Australia and China have launched the Clean Coal Technology Partnership fund to accelerate the development of low emission coal technologies to reduce power station emissions.
The $1.1 million fund is an initiative of the Australia-China Joint Co-ordination Group on Clean Coal Technology (JCG), which itself is funded by the government's low emissions coal initiative.
Martin Ferguson, the minister for resources and energy, welcomed this latest development to create new low emission technologies, such as ox-fuel combustion, post combustion, and gasification.
"Australia and China are committed to finding ways of reducing carbon emissions from burning fossil fuels," Ferguson said.
"This is important because the International Energy Agency (IEA) estimates that demand for coal will continue to grow by nearly two-thirds to 2035 based on current trends.
"Given Australia is the largest coal exporter in the world and China comprises half of global coal consumption, it is vital that we work together to develop technologies that can reduce greenhouse gas emissions associated with coal.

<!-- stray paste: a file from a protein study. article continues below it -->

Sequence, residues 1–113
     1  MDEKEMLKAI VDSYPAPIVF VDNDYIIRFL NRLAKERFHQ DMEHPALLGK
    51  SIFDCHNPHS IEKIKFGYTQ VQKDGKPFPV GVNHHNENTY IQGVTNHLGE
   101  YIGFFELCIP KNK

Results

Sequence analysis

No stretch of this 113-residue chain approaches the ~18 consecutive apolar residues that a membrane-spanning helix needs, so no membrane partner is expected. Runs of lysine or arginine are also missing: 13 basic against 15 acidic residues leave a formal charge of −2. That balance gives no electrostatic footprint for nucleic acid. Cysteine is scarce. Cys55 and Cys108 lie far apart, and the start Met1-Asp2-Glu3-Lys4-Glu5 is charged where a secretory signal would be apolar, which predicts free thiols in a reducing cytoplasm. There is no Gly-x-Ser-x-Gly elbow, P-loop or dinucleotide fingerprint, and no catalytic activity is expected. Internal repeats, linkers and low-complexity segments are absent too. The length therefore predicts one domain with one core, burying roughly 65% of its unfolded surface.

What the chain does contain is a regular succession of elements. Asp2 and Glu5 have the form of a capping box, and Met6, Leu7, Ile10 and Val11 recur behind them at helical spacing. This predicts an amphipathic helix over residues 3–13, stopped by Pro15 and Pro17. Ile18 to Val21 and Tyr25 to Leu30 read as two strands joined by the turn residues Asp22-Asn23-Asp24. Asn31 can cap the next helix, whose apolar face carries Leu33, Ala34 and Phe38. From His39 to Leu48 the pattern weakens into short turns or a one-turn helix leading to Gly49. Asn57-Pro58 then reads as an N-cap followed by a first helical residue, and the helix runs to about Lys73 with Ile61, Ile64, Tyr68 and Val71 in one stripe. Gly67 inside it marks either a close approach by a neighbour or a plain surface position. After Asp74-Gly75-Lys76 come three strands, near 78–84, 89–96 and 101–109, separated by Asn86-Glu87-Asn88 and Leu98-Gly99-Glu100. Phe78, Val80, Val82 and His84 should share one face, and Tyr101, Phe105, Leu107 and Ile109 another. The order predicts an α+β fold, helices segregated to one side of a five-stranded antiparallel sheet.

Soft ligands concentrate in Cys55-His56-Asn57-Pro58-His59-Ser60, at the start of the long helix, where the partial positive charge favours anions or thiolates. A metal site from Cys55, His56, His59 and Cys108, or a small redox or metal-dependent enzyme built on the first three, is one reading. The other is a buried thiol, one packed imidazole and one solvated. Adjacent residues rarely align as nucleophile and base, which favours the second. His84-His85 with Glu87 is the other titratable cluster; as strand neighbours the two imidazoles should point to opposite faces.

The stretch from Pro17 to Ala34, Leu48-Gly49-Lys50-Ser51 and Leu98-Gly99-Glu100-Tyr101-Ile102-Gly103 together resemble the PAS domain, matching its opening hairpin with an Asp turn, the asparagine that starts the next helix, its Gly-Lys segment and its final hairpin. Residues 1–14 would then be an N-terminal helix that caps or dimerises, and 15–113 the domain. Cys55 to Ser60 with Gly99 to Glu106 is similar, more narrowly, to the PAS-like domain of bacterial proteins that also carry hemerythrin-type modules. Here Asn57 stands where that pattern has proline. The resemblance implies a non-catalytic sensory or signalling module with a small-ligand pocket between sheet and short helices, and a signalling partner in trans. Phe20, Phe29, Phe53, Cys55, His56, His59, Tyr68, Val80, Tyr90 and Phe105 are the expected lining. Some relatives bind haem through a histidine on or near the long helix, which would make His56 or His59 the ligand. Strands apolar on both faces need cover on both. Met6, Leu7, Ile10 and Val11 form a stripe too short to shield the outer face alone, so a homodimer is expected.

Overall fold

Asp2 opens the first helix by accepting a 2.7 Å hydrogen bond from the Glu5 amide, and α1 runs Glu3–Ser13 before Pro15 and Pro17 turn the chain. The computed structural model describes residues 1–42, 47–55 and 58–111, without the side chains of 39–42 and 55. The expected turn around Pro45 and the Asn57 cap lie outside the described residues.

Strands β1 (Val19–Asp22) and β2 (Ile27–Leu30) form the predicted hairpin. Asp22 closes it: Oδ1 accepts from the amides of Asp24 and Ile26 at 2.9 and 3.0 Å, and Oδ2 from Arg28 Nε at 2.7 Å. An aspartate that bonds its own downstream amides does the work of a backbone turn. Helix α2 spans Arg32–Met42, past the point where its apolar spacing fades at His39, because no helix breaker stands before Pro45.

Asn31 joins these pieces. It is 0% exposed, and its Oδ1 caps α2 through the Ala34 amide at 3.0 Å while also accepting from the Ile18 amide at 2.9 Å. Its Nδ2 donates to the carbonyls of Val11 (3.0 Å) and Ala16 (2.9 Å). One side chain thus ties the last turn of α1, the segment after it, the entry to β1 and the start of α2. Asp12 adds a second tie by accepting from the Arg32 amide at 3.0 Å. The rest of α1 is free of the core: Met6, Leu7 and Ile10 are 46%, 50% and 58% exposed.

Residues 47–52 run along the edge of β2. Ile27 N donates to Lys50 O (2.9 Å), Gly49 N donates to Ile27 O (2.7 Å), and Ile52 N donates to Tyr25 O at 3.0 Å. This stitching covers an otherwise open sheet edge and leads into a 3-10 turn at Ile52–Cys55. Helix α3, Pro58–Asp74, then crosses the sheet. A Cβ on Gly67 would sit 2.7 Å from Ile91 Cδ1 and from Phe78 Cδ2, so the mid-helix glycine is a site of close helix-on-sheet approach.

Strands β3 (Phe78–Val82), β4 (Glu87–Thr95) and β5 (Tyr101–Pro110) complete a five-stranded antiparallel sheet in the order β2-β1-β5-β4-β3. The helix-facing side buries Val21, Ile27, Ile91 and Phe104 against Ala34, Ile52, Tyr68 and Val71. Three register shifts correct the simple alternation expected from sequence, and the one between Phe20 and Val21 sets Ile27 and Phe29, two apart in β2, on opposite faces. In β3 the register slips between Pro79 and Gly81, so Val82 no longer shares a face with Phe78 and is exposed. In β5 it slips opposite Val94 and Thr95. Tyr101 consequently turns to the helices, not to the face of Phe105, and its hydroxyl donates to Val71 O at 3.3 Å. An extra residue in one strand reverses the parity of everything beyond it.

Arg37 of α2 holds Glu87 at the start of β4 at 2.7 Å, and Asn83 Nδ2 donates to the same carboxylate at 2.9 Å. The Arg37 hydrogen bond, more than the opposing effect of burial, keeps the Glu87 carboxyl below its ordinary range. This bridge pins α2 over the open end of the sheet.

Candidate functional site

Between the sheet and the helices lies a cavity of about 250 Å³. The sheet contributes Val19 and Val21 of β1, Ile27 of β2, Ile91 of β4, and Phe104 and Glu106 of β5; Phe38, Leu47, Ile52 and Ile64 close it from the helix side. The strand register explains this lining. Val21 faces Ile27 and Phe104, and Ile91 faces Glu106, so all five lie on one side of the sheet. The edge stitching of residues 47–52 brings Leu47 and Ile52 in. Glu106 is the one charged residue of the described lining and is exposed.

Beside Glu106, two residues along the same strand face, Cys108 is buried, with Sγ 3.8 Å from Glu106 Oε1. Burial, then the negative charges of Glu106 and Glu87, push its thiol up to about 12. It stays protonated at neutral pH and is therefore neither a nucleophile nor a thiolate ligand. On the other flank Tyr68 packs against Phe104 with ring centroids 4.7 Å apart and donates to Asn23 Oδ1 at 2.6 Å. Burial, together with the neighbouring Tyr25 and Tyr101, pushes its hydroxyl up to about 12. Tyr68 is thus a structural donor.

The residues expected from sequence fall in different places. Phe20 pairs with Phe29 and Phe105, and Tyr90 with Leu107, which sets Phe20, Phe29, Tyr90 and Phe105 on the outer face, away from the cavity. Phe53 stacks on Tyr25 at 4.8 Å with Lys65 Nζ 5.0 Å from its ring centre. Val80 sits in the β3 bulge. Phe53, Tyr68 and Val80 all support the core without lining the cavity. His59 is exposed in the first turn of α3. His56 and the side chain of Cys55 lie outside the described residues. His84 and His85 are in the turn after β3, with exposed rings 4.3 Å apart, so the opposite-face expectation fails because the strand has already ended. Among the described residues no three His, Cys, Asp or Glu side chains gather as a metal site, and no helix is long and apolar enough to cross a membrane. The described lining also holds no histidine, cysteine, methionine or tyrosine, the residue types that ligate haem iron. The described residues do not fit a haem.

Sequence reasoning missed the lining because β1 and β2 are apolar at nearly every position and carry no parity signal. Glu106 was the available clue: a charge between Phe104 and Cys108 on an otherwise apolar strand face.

"The IEA recognises that carbon capture and storage is a necessary technology in order to limit global average temperature increases to two degrees and forecasts that it will provide one-fifth of the required abatement by 2035."
This announcement comes only weeks after the introduction of the carbon tax and the uncertainty of future viability this causes for many coal fired power stations around Australia.
The Munmorah power station has already been closed, and some Victorian power stations are slated to shut down soon as well.
This latest partnership between Australia and China is focused on providing research and industry support.
The Australian Academy of Technological Sciences and Engineering (ATSE) will manage the fund.